Jan 25, 2024 - Development

How tax incentives could drive more development in Mecklenburg County

Atrium Health's innovation district under construction in Charlotte

Atrium Health's innovation district under construction in Charlotte. Photo: Alexandria Sands/Axios

Mecklenburg County economic development office wants more say over how and where projects are built in the Charlotte area.

  • How they plan to get it: more tax incentives.

What's happening: Commissioners and staff are in early conversations about using the financial tool to propel more development and play a more active role in investors' plans.

Why it matters: Tax increment financing could help the county get more parks and affordable housing, invigorate downtowns and spark interest in underinvested corridors, says Roger Johnson, Mecklenburg's ED director.

The latest: The county has used tax rebates in the past to provide financial assistance for Atrium Health's innovation district, as well as Ballantyne Reimagined. But those projects came to the county after they were already designed.

  • Instead of contributing to pre-planned projects, the county should be at the table during the conceptual stage, says Johnson, who joined the county six months ago.
  • That's closer to what the county and City of Charlotte almost did for the canceled Seventh and Tryon project and have agreed to with Eastland. Developer Crosland Southeast will receive reimbursements for its work on the old mall site from the increased property tax revenues it eventually generates.
  • "We put out a vision of what we wanted to see in the project and then selected developers to help implement that vision," Tracy Dodson, Charlotte's economic development director, tells Axios.

How it works: Say the county wants to build a park. Rather than acquiring property and allocating tax dollars, county staff would negotiate with the private sector to include a park in development plans.

  • The developer would be reimbursed for the park through a percentage of property tax returns.
  • "If they don't build what they say they're gonna do, they never get the reimbursement," Johnson says.
  • The county could put out a request for proposals to accomplish a project. Or, a developer may approach the county early on.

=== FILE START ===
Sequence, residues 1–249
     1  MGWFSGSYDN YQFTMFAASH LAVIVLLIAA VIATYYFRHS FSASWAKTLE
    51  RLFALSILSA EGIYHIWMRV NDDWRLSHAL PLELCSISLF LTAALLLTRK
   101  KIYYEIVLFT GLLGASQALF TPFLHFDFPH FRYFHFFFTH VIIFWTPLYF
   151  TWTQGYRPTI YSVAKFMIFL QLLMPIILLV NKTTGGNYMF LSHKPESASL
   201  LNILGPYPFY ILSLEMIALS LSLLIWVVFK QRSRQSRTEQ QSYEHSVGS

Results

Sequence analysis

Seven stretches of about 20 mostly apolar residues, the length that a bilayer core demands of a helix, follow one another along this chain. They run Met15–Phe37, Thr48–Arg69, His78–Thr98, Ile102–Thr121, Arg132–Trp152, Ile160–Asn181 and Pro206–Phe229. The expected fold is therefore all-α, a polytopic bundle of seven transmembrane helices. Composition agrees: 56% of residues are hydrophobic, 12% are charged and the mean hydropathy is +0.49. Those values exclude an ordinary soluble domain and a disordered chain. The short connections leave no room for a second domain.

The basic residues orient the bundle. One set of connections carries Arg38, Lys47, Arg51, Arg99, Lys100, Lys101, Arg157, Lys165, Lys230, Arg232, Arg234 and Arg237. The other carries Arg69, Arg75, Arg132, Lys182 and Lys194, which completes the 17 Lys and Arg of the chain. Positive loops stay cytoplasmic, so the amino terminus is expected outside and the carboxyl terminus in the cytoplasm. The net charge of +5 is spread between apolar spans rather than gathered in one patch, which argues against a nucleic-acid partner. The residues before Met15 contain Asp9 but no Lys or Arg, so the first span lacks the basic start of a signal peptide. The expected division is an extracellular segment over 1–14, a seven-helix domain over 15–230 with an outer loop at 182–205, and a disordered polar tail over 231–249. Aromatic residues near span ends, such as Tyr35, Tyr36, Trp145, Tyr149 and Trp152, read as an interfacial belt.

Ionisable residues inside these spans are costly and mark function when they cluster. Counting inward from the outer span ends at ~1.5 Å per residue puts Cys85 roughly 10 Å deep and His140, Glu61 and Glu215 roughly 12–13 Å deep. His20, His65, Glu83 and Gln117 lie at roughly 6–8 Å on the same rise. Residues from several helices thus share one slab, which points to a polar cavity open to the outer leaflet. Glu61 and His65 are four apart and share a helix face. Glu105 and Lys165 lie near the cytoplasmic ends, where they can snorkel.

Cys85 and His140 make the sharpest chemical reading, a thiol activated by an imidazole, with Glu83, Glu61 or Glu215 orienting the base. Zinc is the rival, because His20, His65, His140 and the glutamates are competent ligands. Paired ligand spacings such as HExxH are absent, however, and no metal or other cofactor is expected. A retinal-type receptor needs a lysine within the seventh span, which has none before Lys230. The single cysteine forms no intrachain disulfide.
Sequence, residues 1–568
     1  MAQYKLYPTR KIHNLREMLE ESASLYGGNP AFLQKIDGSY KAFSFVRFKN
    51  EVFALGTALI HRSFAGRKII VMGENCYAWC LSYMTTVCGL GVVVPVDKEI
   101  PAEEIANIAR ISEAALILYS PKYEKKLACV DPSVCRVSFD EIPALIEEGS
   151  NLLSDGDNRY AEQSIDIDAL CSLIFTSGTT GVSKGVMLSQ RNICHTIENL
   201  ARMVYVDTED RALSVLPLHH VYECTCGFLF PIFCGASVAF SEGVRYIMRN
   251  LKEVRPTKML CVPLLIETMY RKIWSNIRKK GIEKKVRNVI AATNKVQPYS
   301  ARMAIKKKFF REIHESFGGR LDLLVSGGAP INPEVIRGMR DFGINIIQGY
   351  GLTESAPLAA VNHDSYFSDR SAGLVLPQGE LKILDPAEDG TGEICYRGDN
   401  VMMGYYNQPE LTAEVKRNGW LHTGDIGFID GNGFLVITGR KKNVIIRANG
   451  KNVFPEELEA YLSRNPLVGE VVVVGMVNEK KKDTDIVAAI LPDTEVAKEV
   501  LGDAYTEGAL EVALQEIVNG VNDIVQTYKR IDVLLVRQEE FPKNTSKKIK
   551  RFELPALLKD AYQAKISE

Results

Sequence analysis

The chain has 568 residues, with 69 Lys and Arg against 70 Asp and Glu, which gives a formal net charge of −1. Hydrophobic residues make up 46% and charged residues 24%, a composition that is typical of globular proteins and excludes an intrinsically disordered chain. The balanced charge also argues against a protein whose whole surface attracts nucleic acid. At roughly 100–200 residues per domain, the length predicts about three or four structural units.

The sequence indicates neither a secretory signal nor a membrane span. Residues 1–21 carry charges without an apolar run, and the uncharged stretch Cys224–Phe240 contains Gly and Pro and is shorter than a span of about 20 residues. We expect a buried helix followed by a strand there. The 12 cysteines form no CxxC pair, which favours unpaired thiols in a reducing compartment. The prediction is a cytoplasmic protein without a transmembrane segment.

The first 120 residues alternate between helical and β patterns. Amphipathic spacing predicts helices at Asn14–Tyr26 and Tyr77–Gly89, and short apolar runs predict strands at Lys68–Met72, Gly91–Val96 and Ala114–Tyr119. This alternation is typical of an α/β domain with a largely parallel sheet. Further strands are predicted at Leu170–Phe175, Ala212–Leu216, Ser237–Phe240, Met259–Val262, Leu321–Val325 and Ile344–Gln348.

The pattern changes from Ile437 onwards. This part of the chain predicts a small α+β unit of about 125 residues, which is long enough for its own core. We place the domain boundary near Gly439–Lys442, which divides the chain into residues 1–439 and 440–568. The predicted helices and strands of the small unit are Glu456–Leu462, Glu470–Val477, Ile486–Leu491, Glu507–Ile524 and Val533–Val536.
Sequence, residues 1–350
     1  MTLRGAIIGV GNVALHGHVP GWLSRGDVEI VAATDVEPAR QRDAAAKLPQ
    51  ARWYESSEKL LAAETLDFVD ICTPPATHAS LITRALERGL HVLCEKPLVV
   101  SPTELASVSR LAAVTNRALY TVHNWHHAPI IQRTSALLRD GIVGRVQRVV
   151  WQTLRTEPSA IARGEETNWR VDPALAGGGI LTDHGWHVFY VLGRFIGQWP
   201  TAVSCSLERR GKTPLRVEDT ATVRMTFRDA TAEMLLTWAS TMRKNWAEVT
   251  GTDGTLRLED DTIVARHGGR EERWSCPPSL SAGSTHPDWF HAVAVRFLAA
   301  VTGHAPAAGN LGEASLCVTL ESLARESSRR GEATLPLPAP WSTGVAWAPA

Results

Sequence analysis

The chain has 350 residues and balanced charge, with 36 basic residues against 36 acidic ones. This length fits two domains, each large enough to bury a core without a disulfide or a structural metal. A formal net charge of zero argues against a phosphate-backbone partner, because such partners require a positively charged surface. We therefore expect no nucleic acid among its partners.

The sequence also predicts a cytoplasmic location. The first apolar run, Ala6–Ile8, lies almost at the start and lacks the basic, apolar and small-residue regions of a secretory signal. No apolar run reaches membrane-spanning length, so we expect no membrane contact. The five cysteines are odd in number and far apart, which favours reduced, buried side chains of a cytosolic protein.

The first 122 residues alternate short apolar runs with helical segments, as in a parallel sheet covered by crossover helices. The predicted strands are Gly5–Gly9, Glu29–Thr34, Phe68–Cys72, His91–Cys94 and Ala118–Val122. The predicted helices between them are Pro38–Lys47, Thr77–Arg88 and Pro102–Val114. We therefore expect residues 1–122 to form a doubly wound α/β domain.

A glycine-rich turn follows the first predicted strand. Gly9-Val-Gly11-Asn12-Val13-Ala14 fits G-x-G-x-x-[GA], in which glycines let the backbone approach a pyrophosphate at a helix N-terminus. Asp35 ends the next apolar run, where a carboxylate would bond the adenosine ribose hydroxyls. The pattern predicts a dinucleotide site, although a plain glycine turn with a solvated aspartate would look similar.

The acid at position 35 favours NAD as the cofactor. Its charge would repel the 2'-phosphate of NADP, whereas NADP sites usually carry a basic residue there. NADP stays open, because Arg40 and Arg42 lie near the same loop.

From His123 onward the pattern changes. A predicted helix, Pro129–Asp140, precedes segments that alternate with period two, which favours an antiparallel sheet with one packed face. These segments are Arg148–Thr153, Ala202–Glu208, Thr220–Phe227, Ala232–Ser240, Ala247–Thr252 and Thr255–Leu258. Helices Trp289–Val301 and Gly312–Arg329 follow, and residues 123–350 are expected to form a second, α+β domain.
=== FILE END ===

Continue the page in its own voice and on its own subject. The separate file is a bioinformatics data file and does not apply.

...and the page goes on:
Zoom out: Here's an example from downtown Wilmington, where Johnson previously worked. About a decade ago, the city learned it needed millions to remediate a 1966 parking deck that was in rough shape.

  • Instead of shoring up tax dollars, it brought on a developer to rebuild the deck and agreed to pay the developer back through future tax revenues. The developer wrapped the new deck with condos, storefronts and a public plaza near the river.
  • The city got its new parking deck, plus increased tax revenue for the mixed-use portion.

By the numbers: Johnson broke down the numbers for some commissioners during an economic development committee meeting this month.

  • He detailed a theoretical example in which a property worth $100 million, built on a vacant parcel, would increase tax revenue from $6,169 annually to $616,000.
  • With a 10-year 45% rebate, the county would get $339,000 in revenue annually after returns to the developer. The county's revenue would about double once the decade was up.

The other side: Tax rebates don't always receive unanimous support. Skeptical commissioners are already asking about how this would line the pockets of developers.

  • Before committing money to The Pearl, commissioners questioned whether Atrium truly needed financial assistance. Susan Rodriguez-McDowell raised flags over the sheer number of residents drowning in medical debt, Charlotte Business Journal reported at the time.
  • The Wilmington project, for example, has been criticized for lacking affordable housing.

What's next: The economic development committee continues to discuss tax increment financing as a precursor to "opportunities" that may be coming.

  • Johnson says the development community is already asking the local government to support projects in their pipelines.

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